Open Letters from the International, French, and Japanese Vladimir Nabokov Societies to Russia's Ministry of Culture

Submitted by dana_dragunoiu on Mon, 06/17/2019 - 08:43

Dear Readers of The Nabokovian:

The International Vladimir Nabokov Society, the Société française Vladimir Nabokov and the Nabokov Society of Japan make a joint appeal to Russia's Ministry of Culture in three open letters. 

These urgent letters, published at the bottom of this message, were published in an article by Maria Bashmakova in Kommersant. The Ministry's reply to the last letter sent to it by the Vladimir Nabokov Literary Foundation is embedded in this same article. 

Because of the events described here, this is the first time that the International Nabokov Readings/ Набоковские чтения are not taking place at the Nabokov Museum. Below is a link to a recent article about this:

I am attaching a list of links related to the recent publicity campaign related to the Nabokov Museum:

The first essay outlining the troubles of the Nabokov Museum appeared on Dec. 16, 2018, on the Radio Svoboda website. The author is poet and journalist Tatyana Vol’tskaya, who has been a long-term supporter of the museum.

April 10, 2019Marina Bashmakova writes in a popular daily Novaya Gazeta [The New Newspaper]: “‘All my Russian readers have died…: The Nabokov Museum has an owner, but it does not have a master."

April 17, 2019: “Nabokov under a strike” by Victor Erofeev: Erofeev is a well-known writer; his work was published in the US; he wrote for the New Yorker and the NYRB

April 19, 2019: Kseniya Morozova for (a glossy magazine with a significant online following): “Vladimir Nabokov is 120 years old, but his museum in Bolshaya Morskaya Street is closed for an unknown term. Why?”

April 21, 2019: Evgeniya Korobkova for Komsomol’skaya Pravda (a popular daily, The Komsomol Truth, in operation since 1925): “The St. Petersburg Nabokov Museum is closed; no one seems to need it.” [Context: the museum was shut down for a few weeks because the upstairs tenant, the Children’s School of Music named after Bortnyansky, was supposedly conducting renovations that prevented the visitors’ use of the lobby.]

April 22, 2019: Marina Smirnova, President of the “Zhivaya Klassika [The Living Classics]” Foundation, writing for Komsomol’skaya Pravda: “Nabokov is 120. The Nabokov Museum Is Closed.”

April 22, 2019: Tatyana Ponomareva on Nabokov Museum and her position as the museum director of 15 years, who is in conflict with the SPbSU, an interview to a Russian-language Swiss newspaper:

April 23, 2019: Marina Smirnova writing for Snob (a glossy magazine on par with the Russian Vogue):

April 23, 2019: Afisha Plus writes about the creation of the “Coordination Council for the Support of the Nabokov Museum”:

April 24, 2019: Russian TV channel “Kul’tura [Culture]” reports on the VNLF’s offer of the archive and cites director of the Hermitage Mikhail Piotrovsky who supports the creation of a state-funded literary museum:  

April 25, 2019: Tatyana Ponomareva on the plight of the Nabokov Museum, interview to the Ekho Moskvy [The Moscow Echo] radio station:

April 26, 2019 “Tatyana Ponomareva learned about the appointment of the new Nabokov Museum director from journalists”

May 14, 2019: Professor of U Wisconsin-Madison and a leading Nabokov scholar Aleksandr Dolinin on Nabokov, Nabokov scholarship, and the Nabokov Museum:



11 May, 2019

To: Vladimir Tolstoy, Advisor on Culture to the President of the Russian Federation; cc: Vladimir Medinsky, Minister of Culture, and Alla Manilova, Deputy Minister of Culture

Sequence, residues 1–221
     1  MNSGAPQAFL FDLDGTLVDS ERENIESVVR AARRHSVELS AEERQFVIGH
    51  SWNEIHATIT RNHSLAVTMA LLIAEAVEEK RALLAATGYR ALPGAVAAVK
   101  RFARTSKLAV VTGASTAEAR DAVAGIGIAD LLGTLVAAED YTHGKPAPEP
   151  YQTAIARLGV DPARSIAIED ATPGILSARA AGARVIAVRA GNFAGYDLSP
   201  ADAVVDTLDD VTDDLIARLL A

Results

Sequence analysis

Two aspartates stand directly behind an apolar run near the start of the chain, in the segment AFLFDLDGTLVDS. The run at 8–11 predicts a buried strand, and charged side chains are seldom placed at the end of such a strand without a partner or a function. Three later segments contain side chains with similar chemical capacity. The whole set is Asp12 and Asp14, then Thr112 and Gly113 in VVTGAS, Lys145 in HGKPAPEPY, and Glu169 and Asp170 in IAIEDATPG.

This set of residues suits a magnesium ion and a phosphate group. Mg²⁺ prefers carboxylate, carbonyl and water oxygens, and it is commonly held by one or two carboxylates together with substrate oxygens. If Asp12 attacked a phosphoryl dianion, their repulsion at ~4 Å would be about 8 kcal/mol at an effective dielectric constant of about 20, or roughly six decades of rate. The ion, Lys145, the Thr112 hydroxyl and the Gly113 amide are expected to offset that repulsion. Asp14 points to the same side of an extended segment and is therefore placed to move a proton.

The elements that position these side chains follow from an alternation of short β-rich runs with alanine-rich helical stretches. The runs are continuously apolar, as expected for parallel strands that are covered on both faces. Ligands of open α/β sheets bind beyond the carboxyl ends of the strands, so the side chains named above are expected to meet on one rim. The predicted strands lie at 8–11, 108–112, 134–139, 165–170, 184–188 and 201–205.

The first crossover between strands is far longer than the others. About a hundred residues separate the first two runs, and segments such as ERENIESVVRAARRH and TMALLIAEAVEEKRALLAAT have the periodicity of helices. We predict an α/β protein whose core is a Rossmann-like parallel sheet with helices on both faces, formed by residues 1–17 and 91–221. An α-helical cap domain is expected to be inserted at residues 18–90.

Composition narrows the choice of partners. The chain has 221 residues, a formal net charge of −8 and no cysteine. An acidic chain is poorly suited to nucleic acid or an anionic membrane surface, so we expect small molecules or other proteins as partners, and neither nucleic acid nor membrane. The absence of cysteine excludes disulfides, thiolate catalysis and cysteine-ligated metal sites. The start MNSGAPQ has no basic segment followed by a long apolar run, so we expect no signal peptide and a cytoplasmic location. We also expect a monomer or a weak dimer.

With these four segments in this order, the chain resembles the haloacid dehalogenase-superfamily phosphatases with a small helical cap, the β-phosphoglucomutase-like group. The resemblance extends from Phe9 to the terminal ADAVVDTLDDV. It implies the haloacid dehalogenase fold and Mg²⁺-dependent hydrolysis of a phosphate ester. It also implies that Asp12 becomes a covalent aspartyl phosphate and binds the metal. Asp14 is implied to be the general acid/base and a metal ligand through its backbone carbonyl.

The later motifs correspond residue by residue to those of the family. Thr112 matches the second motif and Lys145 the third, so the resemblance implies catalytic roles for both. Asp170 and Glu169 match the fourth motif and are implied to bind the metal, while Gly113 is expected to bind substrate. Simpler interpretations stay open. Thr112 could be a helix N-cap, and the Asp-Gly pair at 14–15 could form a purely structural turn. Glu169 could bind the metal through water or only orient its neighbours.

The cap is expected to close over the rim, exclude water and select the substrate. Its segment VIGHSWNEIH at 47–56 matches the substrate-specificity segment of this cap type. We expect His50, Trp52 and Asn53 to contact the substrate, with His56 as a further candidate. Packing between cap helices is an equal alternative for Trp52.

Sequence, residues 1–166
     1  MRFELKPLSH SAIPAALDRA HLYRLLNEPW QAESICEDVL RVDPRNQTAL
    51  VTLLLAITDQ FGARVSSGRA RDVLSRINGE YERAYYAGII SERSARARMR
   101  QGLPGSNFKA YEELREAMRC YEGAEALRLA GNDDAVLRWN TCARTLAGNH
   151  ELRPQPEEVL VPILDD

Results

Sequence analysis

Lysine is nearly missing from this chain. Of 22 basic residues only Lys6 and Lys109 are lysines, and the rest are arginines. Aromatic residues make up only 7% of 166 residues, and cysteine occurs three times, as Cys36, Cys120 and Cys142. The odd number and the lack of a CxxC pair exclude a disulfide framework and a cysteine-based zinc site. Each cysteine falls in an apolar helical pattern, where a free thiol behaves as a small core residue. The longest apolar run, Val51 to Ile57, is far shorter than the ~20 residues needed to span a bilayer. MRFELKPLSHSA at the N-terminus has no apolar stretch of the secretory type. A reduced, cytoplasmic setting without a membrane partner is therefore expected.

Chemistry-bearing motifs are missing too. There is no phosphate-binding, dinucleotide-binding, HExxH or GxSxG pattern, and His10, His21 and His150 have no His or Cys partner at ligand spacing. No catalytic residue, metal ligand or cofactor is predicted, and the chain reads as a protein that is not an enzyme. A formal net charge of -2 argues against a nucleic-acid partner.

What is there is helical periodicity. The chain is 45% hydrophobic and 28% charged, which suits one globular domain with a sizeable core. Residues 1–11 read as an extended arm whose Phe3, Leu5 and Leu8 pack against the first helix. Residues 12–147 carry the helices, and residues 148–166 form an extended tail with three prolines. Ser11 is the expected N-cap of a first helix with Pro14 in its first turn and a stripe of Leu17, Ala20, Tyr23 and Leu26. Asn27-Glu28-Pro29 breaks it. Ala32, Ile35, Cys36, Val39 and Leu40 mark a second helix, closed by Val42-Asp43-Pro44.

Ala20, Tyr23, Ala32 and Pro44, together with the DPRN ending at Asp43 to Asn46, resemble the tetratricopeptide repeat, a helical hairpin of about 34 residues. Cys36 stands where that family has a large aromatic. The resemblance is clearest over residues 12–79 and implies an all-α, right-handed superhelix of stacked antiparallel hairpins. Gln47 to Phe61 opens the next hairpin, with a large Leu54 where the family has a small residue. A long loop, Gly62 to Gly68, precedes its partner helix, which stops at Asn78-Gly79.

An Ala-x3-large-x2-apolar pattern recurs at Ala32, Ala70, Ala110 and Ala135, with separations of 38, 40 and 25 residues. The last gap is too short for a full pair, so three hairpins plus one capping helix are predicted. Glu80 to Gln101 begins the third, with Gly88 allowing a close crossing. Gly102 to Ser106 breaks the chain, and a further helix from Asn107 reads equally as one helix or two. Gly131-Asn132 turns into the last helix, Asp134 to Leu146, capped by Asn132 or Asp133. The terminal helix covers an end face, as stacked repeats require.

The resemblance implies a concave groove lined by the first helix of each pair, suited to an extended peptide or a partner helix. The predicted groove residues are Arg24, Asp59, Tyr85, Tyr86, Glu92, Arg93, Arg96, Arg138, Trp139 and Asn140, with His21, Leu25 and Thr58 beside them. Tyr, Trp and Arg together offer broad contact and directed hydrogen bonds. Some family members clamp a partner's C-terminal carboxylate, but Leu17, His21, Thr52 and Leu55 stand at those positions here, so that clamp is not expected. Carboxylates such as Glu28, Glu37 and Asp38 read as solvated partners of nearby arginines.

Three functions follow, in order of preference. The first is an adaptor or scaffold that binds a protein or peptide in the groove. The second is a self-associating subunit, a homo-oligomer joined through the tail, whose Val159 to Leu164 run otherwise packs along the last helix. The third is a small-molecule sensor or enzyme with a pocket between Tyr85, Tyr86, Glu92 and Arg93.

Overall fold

Respected Vladimir Ilyich!

We, the Board of Directors of the International Vladimir Nabokov Society, write to express our strong support for the Nabokov Museum in St. Petersburg and for the proposal that it be placed under the aegis of the Russian Federation’s Ministry of Culture or the City of St. Petersburg.

Vladimir Nabokov is regarded worldwide as one of the most important writers of the twentieth century. Over the past two decades, almost all that time under the leadership of Tatiana Olegovna Ponomareva, the Nabokov Museum has served the international community as a highly valued resource and center for scholarly activity.  Dozens of society members, including professors, graduate students, writers, and Nabokov enthusiasts from the general public, have traveled to St. Petersburg from countries all over the world to participate in its conferences. The museum’s collections, its meticulous and vibrant organization of many conferences and symposia, its “Nabokov 101” courses, which attract undergraduates, graduates and even professors as its students, its publications of scholarship--all this under the steadfast and extremely admirable leadership of Tatiana Ponomareva--have played a major role in the advancement of Nabokov scholarship during these many years.  The Museum, its leadership and staff, deserve the highest accolades, awards, and honors for their outstanding accomplishments.

Instead, we learn that during the last year, St. Petersburg University has decided to cut the Museum’s staff drastically, and slash the pay of the remaining workers, causing most to leave, and thus deeply endangering the Museum’s proper maintenance and its vital role in international Nabokov scholarship. The University appointed a new Director whose 27 April interview with Afisha Plus reveals a total lack of knowledge of the Museum’s accomplishments and its worldwide significance over the past 20 years. These decisions threaten the Museum’s central and respected place in the global scholarly community, not least because they undermine the trust and good will necessary to scholarly endeavors. We also note that in recent years the University administration has hampered the Museum’s significant international role, especially its organization of conferences and presentation of its achievements on the Nabokov Museum’s web site, which was long ago removed from the Museum’s control and has not been adequately managed or updated by the University. Before 2008, the Museum maintained a well-organized web site packed with dynamic and research-valuable contents; since then, the University has provided a minimal, brochure-style web site.

Nabokov’s only child, Dmitri, donated material belonging to his father to the Nabokov Museum while he was alive. Other Nabokov scholars have signalled that they would be ready to donate material to the Museum provided it is reliably funded, has enough physically secure storage and display space, and is sufficiently and competently staffed by those with genuine expertise in and commitment to Vladimir Nabokov and his legacy.